This failure of Seneca to replicate Socrates hints at a bigger problem with the ancient view of death and of the processes of dying. The ancient Greeks and Romans have given us many of the tools with which we still understand the world, from democracy to dictatorship, philosophy to pornography. There is much we can learn from them, even now. But one of the very worst ideas we have inherited from the classical world is the idea of the “good death”, in which the man (and, in these stories, it usually is a man) remains in charge of his destiny right until the very end – joking with his friends, planning his exit strategy, and never once losing control, or his distinctive, individual character.
For a start, most of those ancient stories cannot possibly be true. We cannot now check out what Vespasian or Augustus really did say on their deathbeds. But the chances are that their reported last words and actions were a combination of wishful thinking, convenient propaganda, rumour and outright invention. It was certainly in the interests of the scheming empress Livia, Augustus’s widow, that the world should picture the old emperor passing away with a kiss for his wife still lingering on his lips.
We do, however, know the effects of drinking hemlock, as Socrates did. It’s not, in fact, a nice or a dignified way to go, with a gradual numbness creeping gently up the limbs, and all the faculties left intact until almost the last minute, when the heart stops beating. True, it depends a bit on the precise species of hemlock that you take (some varieties are nastier than others). But you could normally expect agonising cramps, vomiting and terrible convulsions – which not even the most single-minded philosopher could manage to think, or talk, his way through. The myth of the sage, philosophising his path to death, unmoved by the disintegration of the body, is just that – a myth.
But, to press this a bit further, these stories of “good” ancient deaths, true or not, have bequeathed to us a version of dying that we can never live up to in real life (or in our real dying). It may be a different matter in the movies. Remember Ali MacGraw, dying of leukaemia at the end of the film Love Story. In a way that would have delighted even Socrates’s friends, she stayed just as beautiful as she had been at the beginning, even if she got gradually paler as she reached her last breath. The same may be true for novels, where death is often reached with Roman – and utterly implausible – dignity. When Oscar Wilde quipped about Charles Dickens’s Old Curiosity Shop that “it would require a heart of stone not to laugh at the death of Little Nell”, he was not simply pouring scorn on a certain type of Victorian sentimentality. He was reminding us of something we all know already: that death never actually comes pretty; that no matter how we choose to represent it to ourselves, it can’t ever be “good”.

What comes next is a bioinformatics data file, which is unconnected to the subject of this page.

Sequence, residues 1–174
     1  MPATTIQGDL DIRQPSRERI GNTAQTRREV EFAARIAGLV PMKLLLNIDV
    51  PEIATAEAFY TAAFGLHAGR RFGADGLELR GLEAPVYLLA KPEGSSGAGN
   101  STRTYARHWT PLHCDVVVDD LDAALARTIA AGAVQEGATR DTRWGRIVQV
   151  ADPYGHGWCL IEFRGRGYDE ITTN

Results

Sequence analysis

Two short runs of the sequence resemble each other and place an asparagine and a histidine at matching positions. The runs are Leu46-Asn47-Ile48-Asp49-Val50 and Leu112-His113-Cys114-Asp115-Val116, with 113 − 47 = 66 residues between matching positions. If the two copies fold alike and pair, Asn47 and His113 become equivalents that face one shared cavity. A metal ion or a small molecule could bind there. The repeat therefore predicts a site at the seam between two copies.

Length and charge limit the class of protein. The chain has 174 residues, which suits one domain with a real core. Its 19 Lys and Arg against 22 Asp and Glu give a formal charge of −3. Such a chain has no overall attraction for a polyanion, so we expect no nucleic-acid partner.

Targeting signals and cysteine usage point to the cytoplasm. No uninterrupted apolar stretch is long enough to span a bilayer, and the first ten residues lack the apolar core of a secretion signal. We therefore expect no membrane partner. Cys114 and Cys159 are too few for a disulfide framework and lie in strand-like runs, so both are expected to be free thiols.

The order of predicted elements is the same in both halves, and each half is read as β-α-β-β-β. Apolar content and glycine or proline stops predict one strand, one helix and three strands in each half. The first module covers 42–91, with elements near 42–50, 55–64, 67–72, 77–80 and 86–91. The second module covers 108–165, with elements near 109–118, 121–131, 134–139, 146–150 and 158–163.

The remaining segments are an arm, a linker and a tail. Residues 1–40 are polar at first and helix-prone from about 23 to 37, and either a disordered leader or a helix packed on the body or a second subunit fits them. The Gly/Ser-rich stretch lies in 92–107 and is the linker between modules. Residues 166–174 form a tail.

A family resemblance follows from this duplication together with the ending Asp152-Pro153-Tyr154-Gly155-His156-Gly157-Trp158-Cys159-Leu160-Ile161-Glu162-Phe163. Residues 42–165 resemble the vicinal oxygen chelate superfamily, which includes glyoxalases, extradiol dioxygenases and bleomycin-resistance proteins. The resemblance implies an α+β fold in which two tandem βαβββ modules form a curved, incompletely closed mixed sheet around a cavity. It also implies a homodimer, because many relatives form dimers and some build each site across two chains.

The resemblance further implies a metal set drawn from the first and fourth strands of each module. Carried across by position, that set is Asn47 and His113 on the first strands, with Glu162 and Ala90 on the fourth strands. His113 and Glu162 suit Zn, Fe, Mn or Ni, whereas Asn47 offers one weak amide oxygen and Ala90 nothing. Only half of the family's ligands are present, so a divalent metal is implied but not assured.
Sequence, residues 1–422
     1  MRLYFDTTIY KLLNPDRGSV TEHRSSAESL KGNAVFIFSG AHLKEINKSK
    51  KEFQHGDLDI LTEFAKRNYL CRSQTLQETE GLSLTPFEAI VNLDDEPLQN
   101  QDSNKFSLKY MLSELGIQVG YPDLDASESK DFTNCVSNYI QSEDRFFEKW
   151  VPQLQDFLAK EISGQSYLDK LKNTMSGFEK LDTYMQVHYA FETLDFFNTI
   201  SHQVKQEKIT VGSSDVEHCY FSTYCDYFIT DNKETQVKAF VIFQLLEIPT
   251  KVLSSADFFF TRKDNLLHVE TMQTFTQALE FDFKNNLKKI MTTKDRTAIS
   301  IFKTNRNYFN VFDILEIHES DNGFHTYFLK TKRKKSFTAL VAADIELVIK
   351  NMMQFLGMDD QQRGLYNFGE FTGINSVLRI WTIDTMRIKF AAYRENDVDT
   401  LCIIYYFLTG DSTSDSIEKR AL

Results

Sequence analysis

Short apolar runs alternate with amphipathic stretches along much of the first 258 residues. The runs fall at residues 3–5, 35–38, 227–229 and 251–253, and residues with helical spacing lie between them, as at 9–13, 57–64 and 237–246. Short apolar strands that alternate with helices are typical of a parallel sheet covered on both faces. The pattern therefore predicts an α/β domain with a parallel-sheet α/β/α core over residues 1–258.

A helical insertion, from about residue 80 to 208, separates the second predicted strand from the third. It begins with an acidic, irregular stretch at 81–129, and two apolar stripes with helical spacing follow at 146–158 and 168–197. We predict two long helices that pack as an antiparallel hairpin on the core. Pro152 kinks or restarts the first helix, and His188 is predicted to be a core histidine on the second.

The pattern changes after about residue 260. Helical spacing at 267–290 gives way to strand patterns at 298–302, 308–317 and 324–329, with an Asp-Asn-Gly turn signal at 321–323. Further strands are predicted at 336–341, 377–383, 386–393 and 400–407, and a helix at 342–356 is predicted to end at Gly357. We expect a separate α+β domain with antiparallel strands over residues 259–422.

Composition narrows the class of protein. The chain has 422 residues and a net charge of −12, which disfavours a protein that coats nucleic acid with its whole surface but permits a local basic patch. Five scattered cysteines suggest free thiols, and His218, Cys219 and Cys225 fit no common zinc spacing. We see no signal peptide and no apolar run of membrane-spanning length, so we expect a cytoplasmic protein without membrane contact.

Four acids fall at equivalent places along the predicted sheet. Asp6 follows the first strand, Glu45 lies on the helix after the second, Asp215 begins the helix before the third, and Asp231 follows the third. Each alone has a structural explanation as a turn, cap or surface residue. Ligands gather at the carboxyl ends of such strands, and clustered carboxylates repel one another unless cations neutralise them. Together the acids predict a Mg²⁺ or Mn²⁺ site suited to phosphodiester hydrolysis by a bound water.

For the truth is that dying is nasty, undignified and uncontrolled. Or so my limited observation of it has suggested. The human body is, after all, designed to be tough. The price we pay for surviving minor accidents, for our capacity to fight routine infection and disease, and – let’s not forget – for the miraculous advances of modern pharmaceuticals, is a heavy one: that is, it takes a major, or horribly sustained, onslaught to kill us off for good. It is, in other words, very, very difficult for a human being to die. We may be lucky and get speedily dispatched by a well-aimed bullet or by a big enough heart attack. But the likelihood is that we will take a long time to leave this world, as the cancer works its way through to our most vital organs, or as the brain, the lungs and the heart gradually shut down. We might choose to see the bright side of this, and mutter gamely about “getting our affairs in order”. But we would be kidding ourselves if we thought that, in the end, our addled bodies would be able to seize the opportunity for some witty last words, as the ancient myth suggests. There will be no cleverly choreographed deathbed scene; almost certainly we will be in pain, and not in control.